Warning: I’m not being hyperbolic about the graphic nature of these books. Images below are intense and graphic.
The massive murder ballad that is Battle Royale started off as a traditional novel by Koushun Takami. Written in 1996, Takami’s controversial book wasn’t published until 1999, and after that, it was adapted twice: as the bizzaro, violent exploitation masterpiece film, but also as a manga written by Takami and illustrated by Masayuki Taguchi.
If you happen to tap Battle Royale into Google image search — you know, if you’re game for finding pictures of Japanese kids killing each other — images from the manga are the first thing that come up, and boy-howdy, are they all kinds of weird.
Story wise, the manga version of Battle Royale isn’t too far off from the movie (or the book too, I guess; I’ve never read the book), a group of kids get taken to an island as part of some weird government program* where they’re forced to butcher one-another for… I’ve never really been able to figure out why. To send a hard message, I suppose.
While the movie leans more towards the fun side of exploitation, the manga is a real meat grinder. It marries really troubling emotional damage with grotesque violence and sexual depravity.
Below we’ve put together some panels from the U.S. version of the manga to illustrate some of the differences.
Long and short: it’s a tough read.
It’s Extremely Violent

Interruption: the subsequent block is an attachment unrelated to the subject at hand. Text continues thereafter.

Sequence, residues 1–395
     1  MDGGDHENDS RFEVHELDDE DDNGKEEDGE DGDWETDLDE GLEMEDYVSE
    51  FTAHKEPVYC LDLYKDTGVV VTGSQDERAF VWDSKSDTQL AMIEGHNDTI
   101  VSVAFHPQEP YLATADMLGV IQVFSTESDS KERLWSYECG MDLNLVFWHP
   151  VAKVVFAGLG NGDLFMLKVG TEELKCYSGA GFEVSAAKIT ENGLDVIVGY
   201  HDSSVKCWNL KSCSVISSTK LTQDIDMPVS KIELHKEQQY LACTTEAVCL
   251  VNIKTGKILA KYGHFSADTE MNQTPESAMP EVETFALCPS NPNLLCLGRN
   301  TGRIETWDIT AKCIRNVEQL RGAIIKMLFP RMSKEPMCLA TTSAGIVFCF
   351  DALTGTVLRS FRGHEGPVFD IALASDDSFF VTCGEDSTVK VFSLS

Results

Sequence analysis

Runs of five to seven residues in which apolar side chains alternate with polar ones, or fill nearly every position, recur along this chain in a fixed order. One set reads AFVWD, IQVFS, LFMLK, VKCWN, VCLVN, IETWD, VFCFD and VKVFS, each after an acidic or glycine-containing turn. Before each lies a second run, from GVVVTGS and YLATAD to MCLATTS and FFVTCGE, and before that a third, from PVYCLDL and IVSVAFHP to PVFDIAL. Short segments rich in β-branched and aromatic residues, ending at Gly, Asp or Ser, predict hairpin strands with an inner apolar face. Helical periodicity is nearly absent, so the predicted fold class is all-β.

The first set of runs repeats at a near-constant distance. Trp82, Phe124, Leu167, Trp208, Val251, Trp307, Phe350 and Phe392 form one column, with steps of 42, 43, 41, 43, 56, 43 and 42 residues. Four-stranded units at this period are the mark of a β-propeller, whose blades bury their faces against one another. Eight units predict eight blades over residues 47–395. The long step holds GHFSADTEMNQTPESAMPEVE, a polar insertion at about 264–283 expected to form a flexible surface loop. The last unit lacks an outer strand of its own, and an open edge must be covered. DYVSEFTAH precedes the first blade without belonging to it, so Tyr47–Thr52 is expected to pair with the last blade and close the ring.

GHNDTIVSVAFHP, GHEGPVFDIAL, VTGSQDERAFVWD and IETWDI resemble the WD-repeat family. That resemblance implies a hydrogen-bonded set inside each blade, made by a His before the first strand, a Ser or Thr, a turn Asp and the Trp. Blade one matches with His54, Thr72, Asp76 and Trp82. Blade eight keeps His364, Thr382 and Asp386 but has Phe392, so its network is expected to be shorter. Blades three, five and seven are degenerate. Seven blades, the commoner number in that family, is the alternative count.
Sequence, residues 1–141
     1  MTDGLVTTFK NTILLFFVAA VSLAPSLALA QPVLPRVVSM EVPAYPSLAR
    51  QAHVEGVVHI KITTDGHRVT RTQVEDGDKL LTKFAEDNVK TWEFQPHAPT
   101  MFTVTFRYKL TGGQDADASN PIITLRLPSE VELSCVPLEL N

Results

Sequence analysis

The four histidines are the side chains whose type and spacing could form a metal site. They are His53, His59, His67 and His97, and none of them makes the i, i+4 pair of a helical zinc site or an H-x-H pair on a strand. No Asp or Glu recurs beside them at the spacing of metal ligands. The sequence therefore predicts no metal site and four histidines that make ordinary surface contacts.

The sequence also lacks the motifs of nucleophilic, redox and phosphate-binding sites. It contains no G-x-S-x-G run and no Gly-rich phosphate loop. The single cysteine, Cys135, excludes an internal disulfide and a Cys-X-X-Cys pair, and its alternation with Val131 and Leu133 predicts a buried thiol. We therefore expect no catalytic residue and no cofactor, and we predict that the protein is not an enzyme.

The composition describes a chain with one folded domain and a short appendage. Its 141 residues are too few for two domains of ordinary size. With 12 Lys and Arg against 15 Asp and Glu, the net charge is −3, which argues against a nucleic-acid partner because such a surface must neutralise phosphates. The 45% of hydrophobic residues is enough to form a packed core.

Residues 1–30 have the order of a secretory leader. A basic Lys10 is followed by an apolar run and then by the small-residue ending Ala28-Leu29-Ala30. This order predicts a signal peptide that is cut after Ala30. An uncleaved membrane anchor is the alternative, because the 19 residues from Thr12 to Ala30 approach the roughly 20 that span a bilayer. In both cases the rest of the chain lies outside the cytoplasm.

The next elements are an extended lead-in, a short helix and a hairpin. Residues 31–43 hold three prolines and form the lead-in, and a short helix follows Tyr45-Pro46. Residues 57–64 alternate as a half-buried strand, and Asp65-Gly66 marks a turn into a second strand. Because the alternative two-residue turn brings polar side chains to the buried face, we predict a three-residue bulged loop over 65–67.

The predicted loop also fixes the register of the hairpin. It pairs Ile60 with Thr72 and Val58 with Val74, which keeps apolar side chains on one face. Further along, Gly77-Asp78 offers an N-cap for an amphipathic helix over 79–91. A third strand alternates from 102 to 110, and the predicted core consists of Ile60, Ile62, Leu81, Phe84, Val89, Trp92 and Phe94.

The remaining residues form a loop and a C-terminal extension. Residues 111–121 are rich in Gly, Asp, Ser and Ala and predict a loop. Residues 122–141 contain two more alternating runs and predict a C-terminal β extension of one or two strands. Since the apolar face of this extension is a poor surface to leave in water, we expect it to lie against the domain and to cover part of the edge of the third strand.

No, seriously. Battle Royale is loaded with untold amounts of crazy, unflinching hyper-violence. Stab wounds, head-shots, mangled bodies, and quite a lot of severe facial damage (everyone gets it in the face in this book, for some reason) and many of them get the full page treatment every issue.
A bullet wound that would flash by in a few frames in the film adaptation get frozen at the moment of impact in the comic. Bullets rip through flesh and bone in slow motion, and from several angles, with the victim’s gaze locked in permanent shock, the pain not even registering yet.
It makes for intense and repulsive reading. These kids get straight up mangled in this book, which is gross, for sure, but it’s also oddly magnetic. It tickles some horrible lizard part of the brain that’s probably best left untickled.
This is where things get really weird. The cast of Battle Royale is largely comprised of teenagers — young ones. Considering their age, it would be dishonest to ignore their fascination with sex, but Battle Royale portrays sex in the same lingering, fetishistic manner as its violence, which gets pretty heavy pretty quickly. This is especially the case with the character of Mitsuko Souma, the class’s tall, beautiful and positively bananas lead female psychopath.
Mitsuko largely gets by in Battle Royale by playing the sex card, using her looks to draw hormone addled teenagers within range of her sickle. The extent of Mitsuko’s tactics gets glossed over in the film, but gets full, explicit treatment on the page.